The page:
Investigators in New Hampshire Wednesday were left empty handed after searching a home near where Maura Murray, a 21-year-old UMass Amherst student, was last seen in 2004 that public speculation suggested would inject new evidence into the long-dormant case.
Associate Attorney General Jeffrey Strelzin said state authorities and FBI agents searched the single-family Haverhill, New Hampshire, home several times since February, including excavating the cement floor of its basement, where Murray’s father believed authorities might find her body.
Instead, officials found “absolutely nothing, other than what appears to be a piece of pottery or old piping,” Strelzin told reporters at a press conference Wednesday afternoon.
“We simply don’t know what happened (to Murray), but we’re keeping our options open,” he said.
The announcement came following new interest in the 15-year-old cold case, with information and allegations some had hoped would fuel another chapter in the investigation.
Last fall, Murray’s father, Fred Murray, searched the house with permission from its owners. Based off information he gathered through using cadaver dogs and radar technology, he told The Boston Globe in February he believed his daughter’s remains were buried beneath the house.
Strelzin said investigators reviewed video of those searches.
“Based on that review, we determined that there was no credible evidence … and certainly no evidence that there were human remains, and there was certainly no probable cause to search that home,” he said.
Still, authorities reached out to the homeowners to conduct their own probe that included deploying two police cadaver dogs in February and surveying the basement in March, he said.
“It was really done to just cross something off the list,” Strelzin said of the effort.
Before she left the UMass campus on Feb. 9, 2004, Maura Murray, a nursing student from Hanson, Massachusetts, apparently lied to her professors regarding a death in the family and drove north, into New Hampshire, before crashing her 1996 Saturn that night on Route 112 in the Woodsville neighborhood of Haverhill.
According to the Associated Press, Murray’s family believes she was looking to take a short trip out of town. Her disappearance came on the heels of an earlier crash she was involved in that left her dad’s car damaged.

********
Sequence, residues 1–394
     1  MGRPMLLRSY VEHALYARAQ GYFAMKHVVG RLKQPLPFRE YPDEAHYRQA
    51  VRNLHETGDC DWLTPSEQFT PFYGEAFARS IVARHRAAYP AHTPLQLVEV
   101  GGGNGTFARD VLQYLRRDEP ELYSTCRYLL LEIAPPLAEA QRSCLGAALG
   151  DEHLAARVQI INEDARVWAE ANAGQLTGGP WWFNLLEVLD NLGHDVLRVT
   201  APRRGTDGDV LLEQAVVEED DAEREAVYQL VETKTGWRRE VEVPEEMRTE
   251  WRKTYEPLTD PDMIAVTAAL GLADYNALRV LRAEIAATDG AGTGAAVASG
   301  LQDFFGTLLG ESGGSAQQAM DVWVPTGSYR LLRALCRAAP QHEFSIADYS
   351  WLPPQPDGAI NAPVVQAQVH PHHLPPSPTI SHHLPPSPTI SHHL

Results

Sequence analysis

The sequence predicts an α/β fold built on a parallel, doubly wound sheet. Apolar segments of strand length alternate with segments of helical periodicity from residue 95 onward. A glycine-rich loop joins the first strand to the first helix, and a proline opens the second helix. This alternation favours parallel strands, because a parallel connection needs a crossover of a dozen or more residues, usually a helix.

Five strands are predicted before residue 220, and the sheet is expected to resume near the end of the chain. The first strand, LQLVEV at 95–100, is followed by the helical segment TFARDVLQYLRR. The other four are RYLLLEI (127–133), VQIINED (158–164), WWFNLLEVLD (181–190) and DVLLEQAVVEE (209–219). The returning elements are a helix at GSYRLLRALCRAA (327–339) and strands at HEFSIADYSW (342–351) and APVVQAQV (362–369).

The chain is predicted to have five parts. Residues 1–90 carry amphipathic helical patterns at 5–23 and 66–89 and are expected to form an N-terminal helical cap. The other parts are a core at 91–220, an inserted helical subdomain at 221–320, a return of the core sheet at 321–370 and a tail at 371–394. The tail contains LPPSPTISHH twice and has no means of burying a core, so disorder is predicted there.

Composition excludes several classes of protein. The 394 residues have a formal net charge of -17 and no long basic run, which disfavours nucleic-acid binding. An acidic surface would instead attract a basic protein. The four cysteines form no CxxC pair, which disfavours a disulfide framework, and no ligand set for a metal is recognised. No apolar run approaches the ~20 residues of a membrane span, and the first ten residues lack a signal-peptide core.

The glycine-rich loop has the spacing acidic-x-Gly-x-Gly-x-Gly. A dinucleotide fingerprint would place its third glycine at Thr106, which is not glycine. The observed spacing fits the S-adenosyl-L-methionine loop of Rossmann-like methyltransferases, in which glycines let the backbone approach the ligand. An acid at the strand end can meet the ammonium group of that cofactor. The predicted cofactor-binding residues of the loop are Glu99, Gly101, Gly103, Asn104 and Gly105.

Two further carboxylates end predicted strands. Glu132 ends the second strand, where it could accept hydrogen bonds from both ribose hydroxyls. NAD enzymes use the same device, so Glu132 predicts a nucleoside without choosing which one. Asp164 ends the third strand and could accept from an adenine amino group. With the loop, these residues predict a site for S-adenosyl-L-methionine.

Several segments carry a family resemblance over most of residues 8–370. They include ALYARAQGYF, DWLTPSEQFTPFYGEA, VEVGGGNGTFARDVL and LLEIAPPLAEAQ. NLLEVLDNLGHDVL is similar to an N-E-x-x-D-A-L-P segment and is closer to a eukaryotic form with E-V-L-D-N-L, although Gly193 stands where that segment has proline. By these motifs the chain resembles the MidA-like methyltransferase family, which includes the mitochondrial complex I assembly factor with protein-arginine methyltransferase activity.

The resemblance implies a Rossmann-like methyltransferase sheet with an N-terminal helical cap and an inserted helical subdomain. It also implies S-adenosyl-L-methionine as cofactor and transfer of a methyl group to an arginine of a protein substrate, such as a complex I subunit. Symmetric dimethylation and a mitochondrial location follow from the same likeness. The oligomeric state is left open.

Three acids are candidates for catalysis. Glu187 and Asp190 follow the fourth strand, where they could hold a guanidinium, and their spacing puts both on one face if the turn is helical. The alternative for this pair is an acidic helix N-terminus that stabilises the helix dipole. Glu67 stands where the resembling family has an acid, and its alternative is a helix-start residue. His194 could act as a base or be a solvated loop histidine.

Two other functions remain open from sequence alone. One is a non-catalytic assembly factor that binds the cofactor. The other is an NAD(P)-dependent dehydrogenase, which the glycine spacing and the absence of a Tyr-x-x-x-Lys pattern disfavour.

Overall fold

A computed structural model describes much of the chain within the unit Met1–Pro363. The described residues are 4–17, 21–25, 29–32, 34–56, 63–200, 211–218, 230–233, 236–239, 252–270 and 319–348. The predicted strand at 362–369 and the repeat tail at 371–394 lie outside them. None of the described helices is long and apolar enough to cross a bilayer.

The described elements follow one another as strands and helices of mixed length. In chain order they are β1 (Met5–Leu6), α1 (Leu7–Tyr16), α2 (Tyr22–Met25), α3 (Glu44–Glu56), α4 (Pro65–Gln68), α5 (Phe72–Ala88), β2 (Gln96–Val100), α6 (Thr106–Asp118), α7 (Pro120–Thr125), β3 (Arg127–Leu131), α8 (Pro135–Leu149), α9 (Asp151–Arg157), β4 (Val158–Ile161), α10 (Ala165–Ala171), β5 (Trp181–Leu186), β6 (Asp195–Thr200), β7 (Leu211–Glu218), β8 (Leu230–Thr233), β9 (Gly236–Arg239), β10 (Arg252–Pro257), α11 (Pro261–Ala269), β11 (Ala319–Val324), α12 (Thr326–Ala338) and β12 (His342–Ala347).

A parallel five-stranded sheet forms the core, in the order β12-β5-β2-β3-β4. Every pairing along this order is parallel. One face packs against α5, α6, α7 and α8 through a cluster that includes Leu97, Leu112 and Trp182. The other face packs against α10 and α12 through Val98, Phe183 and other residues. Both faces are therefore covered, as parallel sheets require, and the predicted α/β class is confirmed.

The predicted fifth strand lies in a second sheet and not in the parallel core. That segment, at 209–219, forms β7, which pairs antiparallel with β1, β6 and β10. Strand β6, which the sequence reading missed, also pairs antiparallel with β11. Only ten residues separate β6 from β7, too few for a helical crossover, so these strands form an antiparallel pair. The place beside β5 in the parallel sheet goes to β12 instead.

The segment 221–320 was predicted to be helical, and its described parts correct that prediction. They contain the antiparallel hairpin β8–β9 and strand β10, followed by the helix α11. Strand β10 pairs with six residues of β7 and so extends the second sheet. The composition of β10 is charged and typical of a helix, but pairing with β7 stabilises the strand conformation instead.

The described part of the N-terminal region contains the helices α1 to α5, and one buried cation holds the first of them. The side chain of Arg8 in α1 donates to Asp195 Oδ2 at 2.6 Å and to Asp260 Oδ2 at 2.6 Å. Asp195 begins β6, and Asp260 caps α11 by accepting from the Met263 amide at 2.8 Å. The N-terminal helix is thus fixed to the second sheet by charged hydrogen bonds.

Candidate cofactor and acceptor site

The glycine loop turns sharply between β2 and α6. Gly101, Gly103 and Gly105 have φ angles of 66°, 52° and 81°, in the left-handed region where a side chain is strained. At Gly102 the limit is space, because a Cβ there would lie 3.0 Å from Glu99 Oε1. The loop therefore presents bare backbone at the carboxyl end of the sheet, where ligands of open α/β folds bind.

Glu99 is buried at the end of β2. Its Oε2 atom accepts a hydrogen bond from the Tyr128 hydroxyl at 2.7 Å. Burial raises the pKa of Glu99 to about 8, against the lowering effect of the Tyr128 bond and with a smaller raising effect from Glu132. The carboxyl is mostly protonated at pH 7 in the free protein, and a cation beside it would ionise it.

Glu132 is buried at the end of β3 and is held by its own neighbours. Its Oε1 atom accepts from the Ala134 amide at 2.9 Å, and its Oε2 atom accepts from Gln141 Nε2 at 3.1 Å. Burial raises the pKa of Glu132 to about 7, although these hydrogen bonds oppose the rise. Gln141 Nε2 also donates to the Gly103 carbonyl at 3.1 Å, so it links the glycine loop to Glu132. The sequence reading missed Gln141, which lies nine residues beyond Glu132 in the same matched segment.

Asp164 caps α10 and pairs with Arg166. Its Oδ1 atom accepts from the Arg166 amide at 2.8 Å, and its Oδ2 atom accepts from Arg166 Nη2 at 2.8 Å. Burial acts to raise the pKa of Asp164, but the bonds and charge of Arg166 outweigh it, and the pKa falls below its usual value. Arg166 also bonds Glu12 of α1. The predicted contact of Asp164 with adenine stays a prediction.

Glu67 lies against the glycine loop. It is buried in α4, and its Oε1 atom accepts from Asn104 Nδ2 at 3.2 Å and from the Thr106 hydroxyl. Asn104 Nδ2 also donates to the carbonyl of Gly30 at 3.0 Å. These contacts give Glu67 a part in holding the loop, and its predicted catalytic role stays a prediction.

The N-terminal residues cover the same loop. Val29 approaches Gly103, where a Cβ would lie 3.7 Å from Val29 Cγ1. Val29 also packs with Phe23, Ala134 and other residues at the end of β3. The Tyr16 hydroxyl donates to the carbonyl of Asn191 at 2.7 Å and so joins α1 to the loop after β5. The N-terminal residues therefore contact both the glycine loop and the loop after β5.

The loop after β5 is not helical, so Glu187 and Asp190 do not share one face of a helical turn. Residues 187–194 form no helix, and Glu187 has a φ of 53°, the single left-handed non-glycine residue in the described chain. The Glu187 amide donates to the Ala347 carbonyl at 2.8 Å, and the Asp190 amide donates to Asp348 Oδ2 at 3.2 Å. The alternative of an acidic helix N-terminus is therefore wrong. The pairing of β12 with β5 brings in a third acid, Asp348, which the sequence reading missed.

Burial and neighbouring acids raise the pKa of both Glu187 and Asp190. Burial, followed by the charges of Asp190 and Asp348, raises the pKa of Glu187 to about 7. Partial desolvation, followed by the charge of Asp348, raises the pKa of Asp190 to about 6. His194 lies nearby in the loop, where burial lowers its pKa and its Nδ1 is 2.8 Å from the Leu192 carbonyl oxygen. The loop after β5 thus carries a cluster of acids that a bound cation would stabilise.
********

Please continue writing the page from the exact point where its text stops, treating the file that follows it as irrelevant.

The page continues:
Earlier in the day on Feb. 9, she looked up directions to the Berkshires and Burlington, Vermont, on her computer, according to the Globe.
Murray took $280 out of her bank account before hitting the road and stopping at a liquor store, according to the newspaper. A box of wine was later found in the backseat of her car.
Authorities said she was involved “in what appeared to be” a single-car crash around 7:30 p.m. that night.
A couple who lived in the area called police after the incident, according to the AP. Additionally, a local school bus driver asked Murray if she wanted him to call for help. She declined the offer, but he still called police.
When authorities arrived at the scene however, she was nowhere to be found.
Over the years, attempts to find clues in the area were unsuccessful.
Fred Murray has said he believes his daughter is dead and that the man who lived in the house at the time of the crash and his nearby extended family members were responsible.
“The nicest girl in the world just doesn’t have a friend in the world,” Fred Murray told the Globe in February. “I can’t even bring her home and bury her. I got to leave her in somebody’s cold, stinking cellar where she’s been murdered.”
Asked what message he has for the Murrays, Strelzin said Wednesday it’s the same as it’s always been.
“Everybody remains committed to following every lead that’s out there to try to get answers for Maura,” he said.